An evening curated by Natalie Wagner, centered around the theme of "fall," unveiled three distinctive choreographic works by Alessandra La Bella, Joao, and Chris Jäger, premiering at Studiobühne at the Landesbühnen Sachsen.
Image 1: Fall Asleep, My Child, photo by Julius Zimmermann.
Alessandra La Bella's "Fall Asleep, My Child" marked the commencement, delving into an emotionally resonant exploration of the theme. Adorned in white, a bathtub, a chair, a jacket hanger, and a door with a frame graced the stage, presenting an elegant display of mundane objects. The trio, clad in everyday attire that complemented the set, engaged in movements reminiscent of children's play - jumping boxes and crafting snowmen. Their expressions, oscillating between exaggerated playfulness and gentle gazes, conveyed a spectrum of emotions. Throughout the performance, recurring gestures provided a recognizable structure, showcasing La Bella's nuanced understanding of space and the delicate balance among the three dancers. The infusion of pop music from Radiohead added a modern twist to universal emotions of love and distrust. Though the dynamic among the performers, especially the role of the third dancer, remained somewhat enigmatic, the performance was commendable, especially considering the tight timeline of just six days to put everything together.
Image 2: Demise, Because We Waited, photo by Julius Zimmermann.
Next in line was Joao's "Demise, Because We Waited," featuring seven dancers. From the outset, Joao skillfully conveyed a complex narrative with minimal elements. A rave-like choreography unfolded under blueish white spotlights, merging club dance, voguing, and contemporary dance. The music seamlessly intertwined with the movements, featuring a persistent laughing undertone that added a layer of brilliance to the performance. Joao's meticulous arrangement of delayed movements against strong beats, coupled with organic choreography, offered an immersive experience. The evolving dynamic among the dancers hinted at themes of observation and being observed, culminating in a subtle transformation of the laughing undertone into a loud scream. The introduction of a fan towards the end somewhat disrupted the otherwise seamless narrative; however, it bestowed upon the audience a sense of wonder, contributing to an engaging experience.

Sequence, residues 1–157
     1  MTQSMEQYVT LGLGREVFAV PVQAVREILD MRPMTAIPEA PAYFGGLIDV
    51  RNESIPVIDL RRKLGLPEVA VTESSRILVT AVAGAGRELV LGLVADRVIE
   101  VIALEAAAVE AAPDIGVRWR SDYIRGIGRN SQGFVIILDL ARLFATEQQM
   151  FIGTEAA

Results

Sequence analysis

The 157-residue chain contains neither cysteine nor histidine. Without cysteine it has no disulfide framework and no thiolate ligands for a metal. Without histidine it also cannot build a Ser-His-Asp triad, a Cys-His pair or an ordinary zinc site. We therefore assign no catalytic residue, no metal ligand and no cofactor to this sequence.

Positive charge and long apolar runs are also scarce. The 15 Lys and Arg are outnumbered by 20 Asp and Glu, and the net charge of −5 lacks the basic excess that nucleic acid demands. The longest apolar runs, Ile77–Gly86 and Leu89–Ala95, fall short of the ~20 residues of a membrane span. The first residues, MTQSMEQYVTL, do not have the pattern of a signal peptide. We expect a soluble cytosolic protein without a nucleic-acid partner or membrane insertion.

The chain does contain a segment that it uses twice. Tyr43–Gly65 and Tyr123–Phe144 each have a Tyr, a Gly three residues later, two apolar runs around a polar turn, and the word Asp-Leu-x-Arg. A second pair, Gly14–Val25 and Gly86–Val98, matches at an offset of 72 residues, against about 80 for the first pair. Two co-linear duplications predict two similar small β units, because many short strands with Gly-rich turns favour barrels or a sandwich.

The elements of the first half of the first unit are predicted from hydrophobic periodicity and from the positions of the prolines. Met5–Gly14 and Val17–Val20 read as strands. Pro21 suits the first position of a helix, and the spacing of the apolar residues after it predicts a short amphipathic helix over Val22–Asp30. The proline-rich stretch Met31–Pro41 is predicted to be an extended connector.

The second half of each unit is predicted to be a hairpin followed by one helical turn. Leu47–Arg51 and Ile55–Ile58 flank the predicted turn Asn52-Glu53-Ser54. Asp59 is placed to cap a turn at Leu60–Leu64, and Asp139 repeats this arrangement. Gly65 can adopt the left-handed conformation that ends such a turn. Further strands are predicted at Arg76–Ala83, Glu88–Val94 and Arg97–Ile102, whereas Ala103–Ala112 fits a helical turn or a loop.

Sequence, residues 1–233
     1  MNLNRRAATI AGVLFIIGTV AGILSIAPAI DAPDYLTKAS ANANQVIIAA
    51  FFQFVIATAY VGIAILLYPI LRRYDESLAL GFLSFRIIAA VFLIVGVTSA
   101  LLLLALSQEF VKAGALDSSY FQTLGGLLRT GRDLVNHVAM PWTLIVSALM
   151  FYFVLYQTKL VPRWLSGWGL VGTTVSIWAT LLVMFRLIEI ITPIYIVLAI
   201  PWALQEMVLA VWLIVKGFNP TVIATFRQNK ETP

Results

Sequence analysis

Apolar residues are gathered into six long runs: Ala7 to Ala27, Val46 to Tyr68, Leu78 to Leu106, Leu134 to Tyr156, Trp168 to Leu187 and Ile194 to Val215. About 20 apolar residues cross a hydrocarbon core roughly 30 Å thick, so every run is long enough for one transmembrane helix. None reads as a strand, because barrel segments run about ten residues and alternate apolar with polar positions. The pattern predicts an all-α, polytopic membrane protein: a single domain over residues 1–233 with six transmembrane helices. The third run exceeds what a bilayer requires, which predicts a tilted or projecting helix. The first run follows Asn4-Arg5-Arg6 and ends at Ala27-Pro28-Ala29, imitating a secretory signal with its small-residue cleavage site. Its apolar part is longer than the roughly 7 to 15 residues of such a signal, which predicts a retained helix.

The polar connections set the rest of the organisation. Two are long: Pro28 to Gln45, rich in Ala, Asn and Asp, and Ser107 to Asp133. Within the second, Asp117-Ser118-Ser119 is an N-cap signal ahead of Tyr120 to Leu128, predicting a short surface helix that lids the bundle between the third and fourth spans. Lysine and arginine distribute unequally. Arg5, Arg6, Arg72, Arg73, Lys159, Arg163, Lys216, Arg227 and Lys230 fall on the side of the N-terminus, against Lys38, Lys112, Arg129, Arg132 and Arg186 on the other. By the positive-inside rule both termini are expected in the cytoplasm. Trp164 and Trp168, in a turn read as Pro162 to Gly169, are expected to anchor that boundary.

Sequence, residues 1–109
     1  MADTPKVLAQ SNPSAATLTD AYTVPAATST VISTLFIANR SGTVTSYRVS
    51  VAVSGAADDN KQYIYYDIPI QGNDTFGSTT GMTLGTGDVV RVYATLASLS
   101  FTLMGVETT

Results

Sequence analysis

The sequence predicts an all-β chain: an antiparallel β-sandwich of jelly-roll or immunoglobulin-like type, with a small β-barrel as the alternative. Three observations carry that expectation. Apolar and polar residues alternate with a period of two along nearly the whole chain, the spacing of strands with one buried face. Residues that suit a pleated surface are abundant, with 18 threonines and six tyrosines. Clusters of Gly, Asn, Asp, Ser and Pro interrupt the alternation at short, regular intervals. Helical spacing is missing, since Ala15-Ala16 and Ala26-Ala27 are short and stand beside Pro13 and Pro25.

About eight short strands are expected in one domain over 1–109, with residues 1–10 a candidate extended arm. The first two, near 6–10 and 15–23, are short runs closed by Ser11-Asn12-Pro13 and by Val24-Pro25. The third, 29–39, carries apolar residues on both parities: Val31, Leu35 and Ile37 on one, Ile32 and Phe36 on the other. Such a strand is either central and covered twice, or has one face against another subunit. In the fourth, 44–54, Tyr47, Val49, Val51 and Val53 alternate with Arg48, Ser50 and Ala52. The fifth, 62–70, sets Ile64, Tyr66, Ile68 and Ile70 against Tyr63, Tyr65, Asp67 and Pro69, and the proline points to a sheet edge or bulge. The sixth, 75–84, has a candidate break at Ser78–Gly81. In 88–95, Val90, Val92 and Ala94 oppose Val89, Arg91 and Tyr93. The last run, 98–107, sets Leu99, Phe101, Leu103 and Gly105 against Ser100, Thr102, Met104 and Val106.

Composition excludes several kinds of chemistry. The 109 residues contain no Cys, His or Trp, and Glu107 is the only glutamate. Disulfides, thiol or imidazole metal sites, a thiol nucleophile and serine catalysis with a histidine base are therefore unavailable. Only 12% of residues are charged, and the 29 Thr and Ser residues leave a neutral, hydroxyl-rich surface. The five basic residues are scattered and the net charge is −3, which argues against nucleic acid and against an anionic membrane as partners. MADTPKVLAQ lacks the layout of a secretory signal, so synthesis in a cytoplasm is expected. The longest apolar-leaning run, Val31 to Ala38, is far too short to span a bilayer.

Image 2: Midnight Swinging, photo by Julius Zimmermann.
The evening concluded with Chris Jäger's "Midnight Swinging," set in a barn with a swing as the central piece. The performance featured another trio, entering the stage with a playful display of human emotions. Adorned in well-paired costumes, the dancers interacted with props like a dead mouse and sacks of hay, exploring different perspectives on life and death. The show's energy escalated, culminating in a high-energy climax as the dancers returned to the starting position on the swing, pushing it with greater force. The seamless integration of props, acting, costume, music, and movement created a delightful portrayal of the evening's theme, leaving the full house of audience members in laughter. This poignant performance eloquently exhibits a deep comprehension of the concept of 'fall,' skillfully showcasing the theatrical excellence in Chris Jäger's choreography. A brilliant performance that effectively brought the night to a close.
To conclude, Alessandra La Bella's interpretation of fall leads the audience through a poignant emotional journey, capturing the intricacies of life's inevitable descent. Joao, with his dynamic and multifaceted rave-like exploration of fall, immerses spectators in a vivid and pulsating experience. Chris Jäger, focusing on the interplay between light and darkness in human interactions and with objects, offers a playful and subversive understanding on the theme. Each artist presented a memorable interpretation of "fall", collectively contributing to a wonderful night curated by Natalie Wagner.